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Kilgore is a private company 100 percent owned by Steve MacLinden. Steve's longterm plan is to exit the business when he is ready to retire in probably five to 10 years. Steve's only child is a daughter who has gone into acting and has no desire to join the company. Therefore, Steve's view is that the company must either be sold to one of the large publicly traded OEM manufacturers or be floated as a public company as a way for him to exit the company profitably. Either way, the next few years would be pivotal in ensuring that the business is on a sound footing and increasingly profitable, and hence has an enhanced exit value. It is also in his plans, if possible, to leave a portion of the company through a share distribution to the employees who stayed with him throughout the years and who helped him keep the company a going concern.

The main focus of the company had always seemed to be cash flow management. While the business had managed to be profitable on an accounting basis over the past five years, it seemed that Kilgore was always short of cash at critical times of the year. In part this was due to thin margins and generous payment terms demanded by the auto manufacturers that were Kilgore's key clients. With tight market conditions, the major auto manufacturers were able to demand and get extended payment terms. Thus management of cash flow was a key function for Cathy Williams and her treasury team to focus on. While economic conditions in the automobile industry had improved dramatically since the depths of the 2008 financial crisis, banks were still wary of extending operational lines of credit. Many industry observers felt that the overall market conditions were still shaky and the recent increase in automobile sales and profits might be a consequence of necessary replacement of aging vehicles, rather than a sustained improvement in the mind-set of consumers, as many consumers delayed new car purchases as a result of the 2008 crisis. A chart of U.S.-based auto sales is shown in Exhibit 19.3.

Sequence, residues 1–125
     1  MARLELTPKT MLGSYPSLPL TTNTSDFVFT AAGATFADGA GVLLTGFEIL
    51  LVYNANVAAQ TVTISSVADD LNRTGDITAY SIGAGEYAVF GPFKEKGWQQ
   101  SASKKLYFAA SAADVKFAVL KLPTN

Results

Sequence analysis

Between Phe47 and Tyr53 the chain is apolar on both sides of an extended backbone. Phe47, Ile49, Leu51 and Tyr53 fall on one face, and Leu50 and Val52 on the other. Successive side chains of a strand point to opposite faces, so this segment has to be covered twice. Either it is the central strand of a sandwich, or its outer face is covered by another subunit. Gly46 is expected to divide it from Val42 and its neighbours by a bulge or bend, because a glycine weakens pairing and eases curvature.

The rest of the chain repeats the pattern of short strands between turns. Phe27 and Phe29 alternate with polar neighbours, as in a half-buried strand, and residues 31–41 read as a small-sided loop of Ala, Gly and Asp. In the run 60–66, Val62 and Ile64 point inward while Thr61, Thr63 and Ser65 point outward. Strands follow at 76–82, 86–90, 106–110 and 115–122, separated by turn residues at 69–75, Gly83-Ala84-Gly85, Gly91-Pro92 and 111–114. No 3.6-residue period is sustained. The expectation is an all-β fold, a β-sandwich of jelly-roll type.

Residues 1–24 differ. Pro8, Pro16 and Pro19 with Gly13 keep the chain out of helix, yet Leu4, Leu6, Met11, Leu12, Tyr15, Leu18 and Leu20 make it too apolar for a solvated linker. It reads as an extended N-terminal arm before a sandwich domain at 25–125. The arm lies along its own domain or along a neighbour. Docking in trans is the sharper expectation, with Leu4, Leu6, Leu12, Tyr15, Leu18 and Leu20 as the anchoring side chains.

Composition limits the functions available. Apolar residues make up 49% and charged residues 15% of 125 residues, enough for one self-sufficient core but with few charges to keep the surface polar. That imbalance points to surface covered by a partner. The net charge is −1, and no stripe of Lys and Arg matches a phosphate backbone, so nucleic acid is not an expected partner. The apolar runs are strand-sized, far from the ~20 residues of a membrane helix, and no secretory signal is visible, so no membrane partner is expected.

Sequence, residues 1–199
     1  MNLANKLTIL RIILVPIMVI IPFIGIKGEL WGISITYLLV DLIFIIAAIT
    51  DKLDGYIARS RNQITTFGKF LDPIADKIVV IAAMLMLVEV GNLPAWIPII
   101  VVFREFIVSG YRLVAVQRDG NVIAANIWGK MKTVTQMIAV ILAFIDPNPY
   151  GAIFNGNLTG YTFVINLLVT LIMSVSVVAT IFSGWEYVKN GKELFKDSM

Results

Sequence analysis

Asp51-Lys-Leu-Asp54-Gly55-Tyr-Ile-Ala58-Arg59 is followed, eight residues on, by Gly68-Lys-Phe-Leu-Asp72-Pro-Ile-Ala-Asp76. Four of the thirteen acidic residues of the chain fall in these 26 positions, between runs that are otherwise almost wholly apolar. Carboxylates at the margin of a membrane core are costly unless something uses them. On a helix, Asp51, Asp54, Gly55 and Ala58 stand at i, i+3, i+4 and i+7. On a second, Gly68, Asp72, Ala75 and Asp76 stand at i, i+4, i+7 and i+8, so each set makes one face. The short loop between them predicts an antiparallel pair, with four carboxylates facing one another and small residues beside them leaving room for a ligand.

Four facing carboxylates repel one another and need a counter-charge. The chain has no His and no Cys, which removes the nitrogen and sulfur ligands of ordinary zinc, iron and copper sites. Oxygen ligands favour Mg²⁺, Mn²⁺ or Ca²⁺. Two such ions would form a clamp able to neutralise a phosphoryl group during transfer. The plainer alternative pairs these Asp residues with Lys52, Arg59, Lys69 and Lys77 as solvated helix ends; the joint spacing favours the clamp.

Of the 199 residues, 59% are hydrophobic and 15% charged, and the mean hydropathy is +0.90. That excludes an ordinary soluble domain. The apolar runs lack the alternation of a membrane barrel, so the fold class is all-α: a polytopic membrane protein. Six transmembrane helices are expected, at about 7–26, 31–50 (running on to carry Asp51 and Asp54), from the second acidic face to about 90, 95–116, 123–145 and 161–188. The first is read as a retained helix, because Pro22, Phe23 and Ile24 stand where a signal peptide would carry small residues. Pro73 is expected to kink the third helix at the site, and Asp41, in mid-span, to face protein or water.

The new U.S. auto supply contract held the risk of dramatically increasing the concerns about cash flow management. While the addition of accounting and control systems that Cathy and her team had implemented had improved the cash flow situation significantly, the net profit margins were still quite tight. The added uncertainty of exchange rate fluctuations might throw things out of balance, and the company would be forced to scramble on a monthly basis to make payroll as it had done previously.

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